However, many beginners do the exact opposite. When they lose money, they start to increase their position size trying to make the money that they just lost. This is called revenge trading, and it is very dangerous.
When traders start to trade with their emotions instead of logic, they are on their way to donating their money to the market.
Psychology is critical for trading success, yet is ignored by most beginner traders. To me, trading psychology is more important than any strategy.
You may have a trading strategy that works 80% of the time but without the mental discipline to keep yourself from losing most of your money on the other 20%, you will still end up a loser.
A sound trading strategy without knowing anything about trading psychology is not enough to be the market. One may have the best strategy in the world, but if he fails to execute trades at the right time is going to lose money.
When we look at the stock charts and technical analysis without investing any money, we all can think logically.
However, as soon as we have our money loaded on the stocks, we act differently. All of our thinking may be based on how much we would make or lose on a trade instead of focusing on the pattern itself.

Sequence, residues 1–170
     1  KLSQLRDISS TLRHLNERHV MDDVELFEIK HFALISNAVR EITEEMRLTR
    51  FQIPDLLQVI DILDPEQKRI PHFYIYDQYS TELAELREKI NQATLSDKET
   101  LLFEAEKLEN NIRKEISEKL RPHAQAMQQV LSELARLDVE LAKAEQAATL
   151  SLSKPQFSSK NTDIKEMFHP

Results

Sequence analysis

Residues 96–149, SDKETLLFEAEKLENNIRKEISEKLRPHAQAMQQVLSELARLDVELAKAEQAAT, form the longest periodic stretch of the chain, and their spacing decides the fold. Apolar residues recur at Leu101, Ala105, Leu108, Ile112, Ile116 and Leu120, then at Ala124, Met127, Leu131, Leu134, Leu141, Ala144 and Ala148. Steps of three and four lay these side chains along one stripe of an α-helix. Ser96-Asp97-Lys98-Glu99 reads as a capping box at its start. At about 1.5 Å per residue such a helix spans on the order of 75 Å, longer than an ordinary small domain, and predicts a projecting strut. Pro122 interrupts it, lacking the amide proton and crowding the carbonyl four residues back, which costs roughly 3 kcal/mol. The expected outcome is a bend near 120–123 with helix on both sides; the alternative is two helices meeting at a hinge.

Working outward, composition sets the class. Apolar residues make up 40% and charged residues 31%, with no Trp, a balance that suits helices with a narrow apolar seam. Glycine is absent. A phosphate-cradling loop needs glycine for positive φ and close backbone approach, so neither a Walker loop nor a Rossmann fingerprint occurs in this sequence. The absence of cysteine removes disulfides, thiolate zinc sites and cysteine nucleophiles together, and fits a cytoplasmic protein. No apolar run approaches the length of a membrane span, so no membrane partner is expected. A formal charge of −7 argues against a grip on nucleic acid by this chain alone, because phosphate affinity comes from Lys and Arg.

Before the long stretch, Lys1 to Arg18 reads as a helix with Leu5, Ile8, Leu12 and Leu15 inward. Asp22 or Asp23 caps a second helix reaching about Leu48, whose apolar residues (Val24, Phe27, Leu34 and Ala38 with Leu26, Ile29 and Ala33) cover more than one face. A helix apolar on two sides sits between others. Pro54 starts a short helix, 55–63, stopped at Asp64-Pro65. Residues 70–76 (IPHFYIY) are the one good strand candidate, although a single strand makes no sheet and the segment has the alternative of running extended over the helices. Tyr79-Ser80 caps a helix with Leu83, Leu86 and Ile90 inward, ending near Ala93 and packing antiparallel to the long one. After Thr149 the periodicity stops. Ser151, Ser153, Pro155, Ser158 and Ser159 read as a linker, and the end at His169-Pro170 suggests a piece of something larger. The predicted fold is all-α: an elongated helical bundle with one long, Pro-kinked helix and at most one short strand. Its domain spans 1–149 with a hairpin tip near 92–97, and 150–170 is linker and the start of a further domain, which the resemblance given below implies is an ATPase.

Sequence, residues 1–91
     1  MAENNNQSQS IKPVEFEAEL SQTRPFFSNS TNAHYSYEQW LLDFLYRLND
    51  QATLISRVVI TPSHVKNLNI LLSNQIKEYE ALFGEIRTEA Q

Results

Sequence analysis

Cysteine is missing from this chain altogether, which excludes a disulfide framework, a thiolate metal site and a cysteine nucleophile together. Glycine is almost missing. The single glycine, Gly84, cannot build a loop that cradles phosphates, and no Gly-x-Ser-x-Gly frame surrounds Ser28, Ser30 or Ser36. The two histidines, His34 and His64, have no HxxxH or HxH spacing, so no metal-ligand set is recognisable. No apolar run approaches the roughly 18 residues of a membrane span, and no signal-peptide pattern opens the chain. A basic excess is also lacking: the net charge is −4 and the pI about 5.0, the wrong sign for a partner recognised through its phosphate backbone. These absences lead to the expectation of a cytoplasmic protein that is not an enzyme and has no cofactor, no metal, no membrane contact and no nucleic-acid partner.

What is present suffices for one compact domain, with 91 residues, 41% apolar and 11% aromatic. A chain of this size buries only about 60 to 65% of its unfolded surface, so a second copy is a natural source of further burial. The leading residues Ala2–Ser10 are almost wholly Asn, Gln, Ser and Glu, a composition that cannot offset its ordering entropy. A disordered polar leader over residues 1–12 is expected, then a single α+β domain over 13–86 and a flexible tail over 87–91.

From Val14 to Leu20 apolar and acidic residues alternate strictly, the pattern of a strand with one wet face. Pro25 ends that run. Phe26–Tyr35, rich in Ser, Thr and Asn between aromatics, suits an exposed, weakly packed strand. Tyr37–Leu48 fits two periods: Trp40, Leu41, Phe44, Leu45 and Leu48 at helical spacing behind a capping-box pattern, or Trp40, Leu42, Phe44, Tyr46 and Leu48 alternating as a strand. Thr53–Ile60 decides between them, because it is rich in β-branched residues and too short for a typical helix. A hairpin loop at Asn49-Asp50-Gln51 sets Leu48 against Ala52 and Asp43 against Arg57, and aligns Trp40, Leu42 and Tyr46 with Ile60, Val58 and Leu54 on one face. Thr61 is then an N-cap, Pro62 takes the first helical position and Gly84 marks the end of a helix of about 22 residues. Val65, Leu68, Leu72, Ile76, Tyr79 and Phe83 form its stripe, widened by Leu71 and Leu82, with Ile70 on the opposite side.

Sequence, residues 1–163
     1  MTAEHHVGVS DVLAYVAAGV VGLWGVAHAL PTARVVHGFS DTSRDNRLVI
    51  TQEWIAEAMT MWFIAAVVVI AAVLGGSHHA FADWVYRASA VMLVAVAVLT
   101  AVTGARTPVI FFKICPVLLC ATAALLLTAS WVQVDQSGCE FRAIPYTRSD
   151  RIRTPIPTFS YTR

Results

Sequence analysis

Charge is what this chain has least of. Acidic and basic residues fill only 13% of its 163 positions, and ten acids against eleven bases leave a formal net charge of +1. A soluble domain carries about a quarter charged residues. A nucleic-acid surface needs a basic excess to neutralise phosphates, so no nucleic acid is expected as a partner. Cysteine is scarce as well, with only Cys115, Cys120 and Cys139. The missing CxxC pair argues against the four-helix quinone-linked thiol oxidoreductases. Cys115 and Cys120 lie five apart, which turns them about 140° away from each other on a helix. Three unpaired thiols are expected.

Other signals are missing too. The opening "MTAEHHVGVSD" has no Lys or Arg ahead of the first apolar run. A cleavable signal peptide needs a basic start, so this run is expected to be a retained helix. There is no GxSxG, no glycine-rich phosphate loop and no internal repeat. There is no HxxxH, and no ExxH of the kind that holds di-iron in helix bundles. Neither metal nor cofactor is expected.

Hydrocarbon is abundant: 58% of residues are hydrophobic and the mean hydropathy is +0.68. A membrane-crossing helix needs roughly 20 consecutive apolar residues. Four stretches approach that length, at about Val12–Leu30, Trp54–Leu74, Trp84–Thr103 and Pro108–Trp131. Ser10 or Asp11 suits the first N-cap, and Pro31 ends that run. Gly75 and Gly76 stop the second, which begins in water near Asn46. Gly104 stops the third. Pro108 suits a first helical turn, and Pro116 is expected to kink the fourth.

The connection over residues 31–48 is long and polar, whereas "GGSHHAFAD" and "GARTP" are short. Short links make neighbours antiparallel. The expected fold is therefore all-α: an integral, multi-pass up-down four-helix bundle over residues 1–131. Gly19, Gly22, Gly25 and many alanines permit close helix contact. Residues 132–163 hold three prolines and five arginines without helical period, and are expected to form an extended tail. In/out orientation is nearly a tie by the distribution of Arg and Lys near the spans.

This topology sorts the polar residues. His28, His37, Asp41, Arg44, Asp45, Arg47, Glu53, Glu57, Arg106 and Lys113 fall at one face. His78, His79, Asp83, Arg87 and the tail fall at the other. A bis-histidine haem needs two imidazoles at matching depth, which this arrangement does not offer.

We should treat the stock market calmly and if we are confident with our trading decisions and system, we will make money. On the other hand, if our decisions are based on fear and greed, we will lose money.
Learn From Your Mistake
It's important to learn from your own mistakes or the mistakes of others. Then come up with a set of rules that you should follow for every trade.
You can modify your rules as you gain more experience. However, don't change your rule while you are already in a trade.
For example, if you have a rule that says you must cut your loss at 10% for all trades. And you already have a stock that is going against you with a 10% loss. You cannot move your stop loss lower in order to stay in the trade, you must cut the loss and move on.
If you find a 10% loss is not the optimal stop loss for your trading strategy, you can modify your rule to set the stop loss at 8% or even 12%. But you can only do that after a trade is over, and the rules that you set should be based on your experience.
Keep a Trading Journal
Most successful traders keep a trading journal that tracks all of their trades. A trading journal allows them to go back and study their past trades and find the flaws in their trading system.
Tracking and improving are necessary for traders to stay in this game for the long run. You don't see beginners do that because they are always trying to find a magic stock that would make them rich. Unfortunately, the stock market is not a place where you can make quick money.
Keep a trading journal if you are serious about trading and making money from the market. If you can find a few mistakes in your trading system and improve it, it could translate into cash.
Treat trading as a business, not a hobby. A trading journal should track at least the following.